Millennials and Their Identity Crisis

Millennials

Pew Research has taken a look at the millennial generation, those born approximately from the late 1980’s into the mid 1990’s. The surveying found many interesting results that could suggest the direction the United States is headed in the future, with the majority of the age bracket leaning liberal and many also lacking a religious identity. Pew also found that the generation is the most racially diverse and technologically dependent Americans yet. Is all of this adding up to an identity crisis for millennials?

Many millennials are the adult children of immigrants. The two largest immigrant groups in the United States are Asians and Hispanics, a trend that began several generations earlier. The result is that today 43 percent of of millennial adults are non-white, a number that is increasing gradually each year. Contributing to the millennial generation’s title of most racially diverse is the fact that immigration to America has become more diverse since earlier in the 20th century, including rising immigration rates from South America. Pew examined how this has affected political and social trends. Non-white millennials were twice as likely to claim themselves as democrats, while both white and non-white were equally likely to be independent. This divide was held similarly in President Obama’s approval ratings, as non-white millennials were nearly twice as likely to say that they approving of President Obama.

As far as technology goes, the millennial generation is the first group of adults who were born into the technological revolution, an age where they have never had to live extensively without access to computers, advanced media like cable television, or even cell phones for many. This group of adults has not had to adapt yet to any significant change in the same way someone in the forties or fifties has had to. Millennials also are the most attached to social media, with the amusing dichotomy existing in the statistics where the group is the most inclined to post a selfie online, but also the most likely to declare that people share too much on the internet.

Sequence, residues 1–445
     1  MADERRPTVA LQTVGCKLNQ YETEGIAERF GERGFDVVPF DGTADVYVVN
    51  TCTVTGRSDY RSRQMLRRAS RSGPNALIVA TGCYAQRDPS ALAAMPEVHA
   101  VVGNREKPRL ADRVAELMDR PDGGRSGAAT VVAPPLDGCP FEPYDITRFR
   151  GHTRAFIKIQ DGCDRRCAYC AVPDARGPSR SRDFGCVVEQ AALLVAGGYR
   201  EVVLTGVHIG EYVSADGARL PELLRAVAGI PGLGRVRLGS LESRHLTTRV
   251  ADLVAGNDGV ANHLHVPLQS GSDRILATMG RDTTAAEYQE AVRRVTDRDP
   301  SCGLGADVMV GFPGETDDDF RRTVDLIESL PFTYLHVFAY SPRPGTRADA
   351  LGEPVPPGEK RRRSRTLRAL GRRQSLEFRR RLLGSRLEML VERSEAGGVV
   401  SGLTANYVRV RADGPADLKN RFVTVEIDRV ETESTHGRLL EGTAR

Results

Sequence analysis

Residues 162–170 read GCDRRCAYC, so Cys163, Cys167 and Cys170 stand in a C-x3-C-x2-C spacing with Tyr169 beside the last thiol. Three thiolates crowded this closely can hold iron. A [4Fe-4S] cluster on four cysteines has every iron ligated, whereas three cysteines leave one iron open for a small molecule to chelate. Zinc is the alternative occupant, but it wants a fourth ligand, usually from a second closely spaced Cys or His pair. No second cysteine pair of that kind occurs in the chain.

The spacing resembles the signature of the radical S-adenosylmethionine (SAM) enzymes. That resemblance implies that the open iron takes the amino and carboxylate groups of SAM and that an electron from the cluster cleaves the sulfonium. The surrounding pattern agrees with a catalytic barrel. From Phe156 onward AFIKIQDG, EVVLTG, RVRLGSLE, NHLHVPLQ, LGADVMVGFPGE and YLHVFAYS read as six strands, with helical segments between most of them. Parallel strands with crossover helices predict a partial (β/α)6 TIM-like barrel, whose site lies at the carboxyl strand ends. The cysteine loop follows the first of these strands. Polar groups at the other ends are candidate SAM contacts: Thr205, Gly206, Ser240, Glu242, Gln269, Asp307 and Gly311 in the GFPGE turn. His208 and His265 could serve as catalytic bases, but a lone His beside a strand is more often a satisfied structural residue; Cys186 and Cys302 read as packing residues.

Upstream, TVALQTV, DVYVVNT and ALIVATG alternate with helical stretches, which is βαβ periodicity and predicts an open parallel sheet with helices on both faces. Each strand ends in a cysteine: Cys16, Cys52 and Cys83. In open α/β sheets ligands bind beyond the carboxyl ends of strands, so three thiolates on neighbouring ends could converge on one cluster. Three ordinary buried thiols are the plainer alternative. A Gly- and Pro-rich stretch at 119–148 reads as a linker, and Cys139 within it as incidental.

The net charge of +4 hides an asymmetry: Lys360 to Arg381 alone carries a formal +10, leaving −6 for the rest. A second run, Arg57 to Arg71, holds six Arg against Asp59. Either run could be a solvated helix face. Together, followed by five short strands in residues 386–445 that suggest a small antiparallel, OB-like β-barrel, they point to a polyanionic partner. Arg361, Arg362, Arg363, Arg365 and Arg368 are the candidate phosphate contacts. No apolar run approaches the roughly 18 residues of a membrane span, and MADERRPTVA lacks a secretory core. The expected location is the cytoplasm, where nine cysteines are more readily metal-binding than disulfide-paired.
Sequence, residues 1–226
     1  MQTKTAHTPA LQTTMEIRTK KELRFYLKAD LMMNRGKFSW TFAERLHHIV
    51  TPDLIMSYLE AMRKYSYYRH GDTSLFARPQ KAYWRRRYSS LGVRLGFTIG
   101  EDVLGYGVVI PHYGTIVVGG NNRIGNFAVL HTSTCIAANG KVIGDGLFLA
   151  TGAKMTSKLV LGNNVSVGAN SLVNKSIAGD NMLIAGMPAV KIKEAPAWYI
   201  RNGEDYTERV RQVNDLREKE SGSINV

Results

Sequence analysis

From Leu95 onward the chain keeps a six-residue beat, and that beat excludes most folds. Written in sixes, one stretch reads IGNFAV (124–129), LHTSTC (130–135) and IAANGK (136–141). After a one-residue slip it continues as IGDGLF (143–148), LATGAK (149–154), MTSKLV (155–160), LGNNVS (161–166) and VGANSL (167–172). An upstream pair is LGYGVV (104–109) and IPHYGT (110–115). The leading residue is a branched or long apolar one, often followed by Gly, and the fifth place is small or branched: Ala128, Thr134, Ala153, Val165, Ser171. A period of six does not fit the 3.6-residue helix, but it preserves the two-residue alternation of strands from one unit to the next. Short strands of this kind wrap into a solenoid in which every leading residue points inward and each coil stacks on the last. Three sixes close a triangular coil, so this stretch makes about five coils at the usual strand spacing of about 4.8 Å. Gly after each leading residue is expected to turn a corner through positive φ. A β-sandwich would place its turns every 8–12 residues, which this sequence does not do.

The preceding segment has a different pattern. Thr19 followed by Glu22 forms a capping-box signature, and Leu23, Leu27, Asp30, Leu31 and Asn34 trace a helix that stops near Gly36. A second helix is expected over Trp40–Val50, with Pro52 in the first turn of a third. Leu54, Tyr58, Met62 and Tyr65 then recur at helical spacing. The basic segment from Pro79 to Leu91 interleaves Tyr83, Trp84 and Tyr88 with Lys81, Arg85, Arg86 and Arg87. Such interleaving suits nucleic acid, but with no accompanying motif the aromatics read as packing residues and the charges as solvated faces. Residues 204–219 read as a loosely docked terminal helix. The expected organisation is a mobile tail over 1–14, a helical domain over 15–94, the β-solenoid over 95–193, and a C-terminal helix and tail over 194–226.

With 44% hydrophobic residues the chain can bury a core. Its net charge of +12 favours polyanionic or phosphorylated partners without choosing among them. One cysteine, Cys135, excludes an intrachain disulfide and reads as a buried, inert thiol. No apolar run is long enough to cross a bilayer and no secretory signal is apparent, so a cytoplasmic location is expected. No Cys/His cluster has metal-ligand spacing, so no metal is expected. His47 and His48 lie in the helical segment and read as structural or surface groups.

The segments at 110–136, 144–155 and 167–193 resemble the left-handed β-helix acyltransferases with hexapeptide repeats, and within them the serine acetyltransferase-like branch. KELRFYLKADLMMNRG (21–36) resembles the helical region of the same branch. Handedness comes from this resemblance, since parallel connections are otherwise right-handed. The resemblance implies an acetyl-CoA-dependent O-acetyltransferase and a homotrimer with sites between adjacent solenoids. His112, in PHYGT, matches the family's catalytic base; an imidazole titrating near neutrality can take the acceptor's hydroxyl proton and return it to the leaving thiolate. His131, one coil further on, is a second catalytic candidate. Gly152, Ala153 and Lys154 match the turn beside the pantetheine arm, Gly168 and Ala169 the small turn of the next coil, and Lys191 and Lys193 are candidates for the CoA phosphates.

How all of this connects is up to interpretation.The gradual homogenization of race, religion and political views may be causing an identity crisis for millennials. Generations of past decades have seemed to have much broader lines defining them, allowing people to cluster together into defined groups like Hippies, Punks, Romantics and Generation Xers. Thus far, the most prominent attribute of millennials, seems to be Hipsterism, the metaculture defined more by ironic adaptations of the attributes of past generations than by any noteworthy innovations of their own.

The generation is not without merit, as it is more thoroughly educated than any previous, but there remains to be found a congealing event. Something could come from the massive student loan debt that has been heaped upon millennials, the cost for their elders pushing them towards education without the reward of a job at the end for many. Occupy Wall Street could have, or may still be, that uniting factor.  Or, perhaps, the continued fight for gay rights will be picked up by millennials, giving them something to work towards together. They are, after all, the most supportive generation of gay rights yet, giving them a reason to break off from the generations of the past in a way more significant than taking a selfie. Millennials are the next generation of leadership in the United States, and solving their identity crisis is a necessity to the continued success of the country.

Opinion by Brian Moore

Sources:

Pew
Pew
New York Times
CDC

2 Responses to "Millennials and Their Identity Crisis"

  1. Benn Dover   March 10, 2014 at 6:23 am

    “Occupy Wall Street could have, or may still be, that uniting factor. ..” ha ha ha , what a bunch of losers

    Reply
  2. stephen weber   March 10, 2014 at 6:10 am

    I disagree with your argument– Identity crisis. You spent the entire article trying to argue what unifying idea will define this new generation. But in reality some unifying factor is the opposite of what is considered identity.
    Each generation has to live up to this so called naming scheme you are searching for. The baby boomers for example. What type of word is “baby boomer” to be linked to your identity. If anything it is that generations hurdle that they must first overcome before an individual (of that generation )can even consider they have an identity.

    Group identity is not an individual identity and hopefully humanity can drop this awful group tag that has doomed generations of people to being nothing more then lemmings, cattle,

    Reply

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